A similar study by Dr. Murray Weisenfeld concluded that most injuries occur when running mileage starts to climb over 40 miles per week. That means that if you are training for a half or a full marathon, you are putting yourself at additional risk, even if you are able to limit all other factors.

Most injuries are caused by training errors with very few injuries occurring as a result of a single factor. Injuries do not occur suddenly, but more gradually, elevating up the scale as mentioned above. Of the many things that you need to know in order to avoid time limiting injuries is the ability to recognize the difference between normal soreness and possibly progressive injuries. Knowing your body and understanding when you have stressed it too much and when to back off is very important.

Injury causes

Improper form and/or poor biomechanics
This is listed first because it is something that you can do very little to change. You may choose proper footwear to correct pronation or study video of your running form to help make minor corrections, but in the end, your natural form may limit your ability to run without risk of injury. Some people may have a great desire to run and be competitive but do not have the basic genetics to support anything more than running for basic fitness. You can tweak your form, slightly improve your vo2max and your running economy, but as my long time running partner Marty Clarke has been quoted in saying, "You had all of the ability to run the day that you were born."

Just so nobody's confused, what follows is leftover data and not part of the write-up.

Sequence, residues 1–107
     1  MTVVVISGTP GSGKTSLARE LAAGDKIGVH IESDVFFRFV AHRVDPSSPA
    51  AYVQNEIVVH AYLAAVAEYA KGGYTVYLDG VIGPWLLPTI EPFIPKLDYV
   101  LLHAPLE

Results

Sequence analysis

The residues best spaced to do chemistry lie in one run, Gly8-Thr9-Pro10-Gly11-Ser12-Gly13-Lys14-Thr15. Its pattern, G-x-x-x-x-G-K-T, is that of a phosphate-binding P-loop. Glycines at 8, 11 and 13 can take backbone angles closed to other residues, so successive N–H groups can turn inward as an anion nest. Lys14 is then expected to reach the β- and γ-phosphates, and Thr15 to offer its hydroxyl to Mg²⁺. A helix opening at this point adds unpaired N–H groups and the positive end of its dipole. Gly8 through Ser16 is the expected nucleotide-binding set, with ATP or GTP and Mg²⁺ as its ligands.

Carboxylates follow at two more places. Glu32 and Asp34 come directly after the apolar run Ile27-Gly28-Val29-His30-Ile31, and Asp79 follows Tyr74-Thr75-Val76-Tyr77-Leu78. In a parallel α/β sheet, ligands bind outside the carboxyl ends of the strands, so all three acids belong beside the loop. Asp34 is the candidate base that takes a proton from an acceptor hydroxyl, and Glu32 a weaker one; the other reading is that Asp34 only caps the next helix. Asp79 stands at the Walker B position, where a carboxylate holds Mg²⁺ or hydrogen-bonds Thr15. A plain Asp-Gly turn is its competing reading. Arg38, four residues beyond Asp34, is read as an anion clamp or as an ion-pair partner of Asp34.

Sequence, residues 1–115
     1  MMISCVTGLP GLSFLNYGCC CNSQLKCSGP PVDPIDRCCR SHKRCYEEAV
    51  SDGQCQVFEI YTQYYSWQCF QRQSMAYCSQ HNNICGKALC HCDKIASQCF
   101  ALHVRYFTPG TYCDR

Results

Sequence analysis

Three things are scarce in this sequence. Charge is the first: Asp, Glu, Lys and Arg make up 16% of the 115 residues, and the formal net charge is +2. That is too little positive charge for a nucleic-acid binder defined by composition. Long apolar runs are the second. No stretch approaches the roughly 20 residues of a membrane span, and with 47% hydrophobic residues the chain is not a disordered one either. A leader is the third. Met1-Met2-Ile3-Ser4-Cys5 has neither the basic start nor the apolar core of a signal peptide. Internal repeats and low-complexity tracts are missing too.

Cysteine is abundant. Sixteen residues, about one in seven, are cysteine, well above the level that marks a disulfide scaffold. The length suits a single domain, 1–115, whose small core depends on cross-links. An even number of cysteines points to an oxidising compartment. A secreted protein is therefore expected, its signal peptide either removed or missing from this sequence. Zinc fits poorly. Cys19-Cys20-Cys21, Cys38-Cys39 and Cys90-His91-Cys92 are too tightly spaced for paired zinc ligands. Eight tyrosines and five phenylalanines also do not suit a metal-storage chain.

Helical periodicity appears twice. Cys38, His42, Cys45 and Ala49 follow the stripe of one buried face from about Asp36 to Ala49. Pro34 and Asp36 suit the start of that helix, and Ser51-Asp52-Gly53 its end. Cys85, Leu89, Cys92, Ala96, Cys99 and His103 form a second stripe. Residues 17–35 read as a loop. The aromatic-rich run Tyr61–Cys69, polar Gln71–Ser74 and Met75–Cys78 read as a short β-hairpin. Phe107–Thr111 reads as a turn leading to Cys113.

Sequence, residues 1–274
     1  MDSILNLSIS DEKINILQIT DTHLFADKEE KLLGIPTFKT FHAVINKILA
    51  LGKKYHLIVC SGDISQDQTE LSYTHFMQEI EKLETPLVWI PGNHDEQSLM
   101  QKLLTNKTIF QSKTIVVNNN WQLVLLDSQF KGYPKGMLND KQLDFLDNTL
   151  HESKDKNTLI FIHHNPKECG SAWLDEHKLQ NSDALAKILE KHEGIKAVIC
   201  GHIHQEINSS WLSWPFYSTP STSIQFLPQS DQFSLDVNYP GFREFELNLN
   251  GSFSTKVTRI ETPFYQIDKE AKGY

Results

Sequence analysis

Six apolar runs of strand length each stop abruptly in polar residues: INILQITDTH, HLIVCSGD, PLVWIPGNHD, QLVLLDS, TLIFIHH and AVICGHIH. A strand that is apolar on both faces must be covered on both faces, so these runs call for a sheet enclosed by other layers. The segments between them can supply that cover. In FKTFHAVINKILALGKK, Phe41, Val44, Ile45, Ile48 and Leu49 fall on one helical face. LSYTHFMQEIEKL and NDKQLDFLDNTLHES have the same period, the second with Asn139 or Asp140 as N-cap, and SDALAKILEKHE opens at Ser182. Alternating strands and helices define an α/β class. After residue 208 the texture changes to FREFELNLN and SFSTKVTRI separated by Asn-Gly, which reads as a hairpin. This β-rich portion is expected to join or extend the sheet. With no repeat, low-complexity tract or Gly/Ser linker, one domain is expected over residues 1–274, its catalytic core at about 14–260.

General overuse
This is a blanket category for running too much. This is the most common factor leading to injuries and means not backing off in training when the initial signs of an injury are felt. It simply means that you have stressed something repeatedly without adequate rest to allow for the rebuilding process as discussed above.

Equipment related